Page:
And that’s when I started writing again. It was mostly short films and stuff like that, all of which are like terrible, genuinely terrible. But, I feel like, you have to own being bad at something before you can be good at it.
I said: “I’m going to start writing, and everything I’m going to write is going to be so bad, but I just need to get it all out the way. I’m just going keep doing it until I find something that’s okay.” And that’s what I did.
Would you have considered yourself a writer before this? Or is Poles your first piece of writing?
Poles is the first piece of writing that I’m really proud of. I would say it kind of defines my style as a writer.
So, this is your indie theatre writing debut?
Yeah, this is my playwriting debut. I haven’t written a play before this one.
That’s incredibly impressive that the first play you wrote has done this national tour and gone to Edinburgh.
Yeah, generally if I do anything, it’s all or nothing. It’s 0% or its 110%.
You mentioned that your experience working as a stripper was the starting off point for writing Poles.
Is “autobiographical” the right word? Is Cora you? Or is it more about anecdotes that your experience inspired?
I really like taking a stereotype that we know and that we’re familiar with and then finding what’s human in there— I really like doing that in my writing.
A lot of what Cora says is what I wish I would’ve said in a lot of scenarios. It’s the things that went through my head, but then I wasn’t confident enough to say them. She’s kind of this rude, self-obsessed, large, loud character.
Who would you say is the ideal audience for your show?
Oh— young people come and watch! It’s a show by young people for young people.
Also, more specifically, anyone who has worked in the sex industry— even online work like Only Fans—they’ll understand it. It’s funny for everyone but those people will understand the humour because they’ve experienced that.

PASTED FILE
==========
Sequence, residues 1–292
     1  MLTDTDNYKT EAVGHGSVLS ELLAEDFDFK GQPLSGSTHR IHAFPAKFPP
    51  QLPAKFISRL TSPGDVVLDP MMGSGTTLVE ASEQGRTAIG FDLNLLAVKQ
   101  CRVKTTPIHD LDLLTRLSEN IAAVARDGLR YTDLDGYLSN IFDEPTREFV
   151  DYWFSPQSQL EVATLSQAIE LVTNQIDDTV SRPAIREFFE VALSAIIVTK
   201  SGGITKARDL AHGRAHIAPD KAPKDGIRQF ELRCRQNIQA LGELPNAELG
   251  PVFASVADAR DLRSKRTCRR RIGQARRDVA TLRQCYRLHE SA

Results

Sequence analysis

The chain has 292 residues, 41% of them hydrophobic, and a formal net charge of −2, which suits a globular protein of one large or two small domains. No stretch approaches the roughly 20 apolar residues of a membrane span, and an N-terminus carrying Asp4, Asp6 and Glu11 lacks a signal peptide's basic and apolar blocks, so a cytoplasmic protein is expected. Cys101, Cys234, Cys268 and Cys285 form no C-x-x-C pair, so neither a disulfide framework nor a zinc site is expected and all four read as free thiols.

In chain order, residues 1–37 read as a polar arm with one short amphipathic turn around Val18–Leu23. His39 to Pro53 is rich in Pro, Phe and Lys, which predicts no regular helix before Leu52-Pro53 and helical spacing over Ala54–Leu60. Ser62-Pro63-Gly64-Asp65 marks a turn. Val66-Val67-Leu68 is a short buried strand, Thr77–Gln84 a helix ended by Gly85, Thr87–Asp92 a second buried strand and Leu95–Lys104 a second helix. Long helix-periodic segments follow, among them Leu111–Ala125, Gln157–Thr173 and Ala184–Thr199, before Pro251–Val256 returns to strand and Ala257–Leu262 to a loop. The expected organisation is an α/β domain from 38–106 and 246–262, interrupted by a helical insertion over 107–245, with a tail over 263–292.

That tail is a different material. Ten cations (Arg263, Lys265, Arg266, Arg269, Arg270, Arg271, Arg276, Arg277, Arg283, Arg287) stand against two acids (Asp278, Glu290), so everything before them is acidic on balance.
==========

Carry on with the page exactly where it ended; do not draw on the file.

Why should people come see your show?
Because sex work and sex workers are still so stigmatised. The industry is so frowned upon by a lot of people, and even legally—a lot of the laws across Australia are still so harmful to sex workers.
Hearing stories from the sex industry, by people who’ve experienced the sex industry, is a key part of dismantling the stereotypes and the stigma that we have about it. And in doing that kind of stuff on a socio-political level, we then combat all of the legal stuff at the top.
We also donate 5% of our sales to peer support organizations. Decolonize Sex Work AU which is a Blak-led sex worker organization, that is fighting legal battles, but also supports a lot of sex workers if they are need of assistance or anything.
So, what you’re saying is it’s important to have sex workers, or people who’ve done sex work, writing these stories to make sure the industry is portrayed accurately?
Yep! And have people listen to that. When you listen to stories that are different to your own, you expand your own worldview.
What the play is trying to do is invite people to laugh at the narrative that they might hold in themselves about sex work. It’s looking at those views through a comedic lens and being like “actually, it’s kind of ridiculous that we think this about the sex industry”.
I think that’s the beauty of theatre— instead of attacking people and saying “You need to support sex work” you can invite them to observe the reality of the world, instead of the media stereotype. And so, you start to break down that stigma that we have a society about the sex industry.
Theatre is a safe way to experience things without actually experiencing them.
Poles: The Science of Magnetic Attraction is playing at the Seymour Centre Sound Lounge from 21st October to 24th October at 6pm. Tickets can be purchased here.
Interview conducted and edited by Jo Bradley.